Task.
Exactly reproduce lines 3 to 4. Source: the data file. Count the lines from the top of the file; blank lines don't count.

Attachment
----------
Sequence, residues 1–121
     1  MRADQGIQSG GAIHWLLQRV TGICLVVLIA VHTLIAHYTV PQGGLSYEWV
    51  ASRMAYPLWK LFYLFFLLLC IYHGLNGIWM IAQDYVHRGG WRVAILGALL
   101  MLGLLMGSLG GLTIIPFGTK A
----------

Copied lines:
    51  ASRMAYPLWK LFYLFFLLLC IYHGLNGIWM IAQDYVHRGG WRVAILGALL
   101  MLGLLMGSLG GLTIIPFGTK A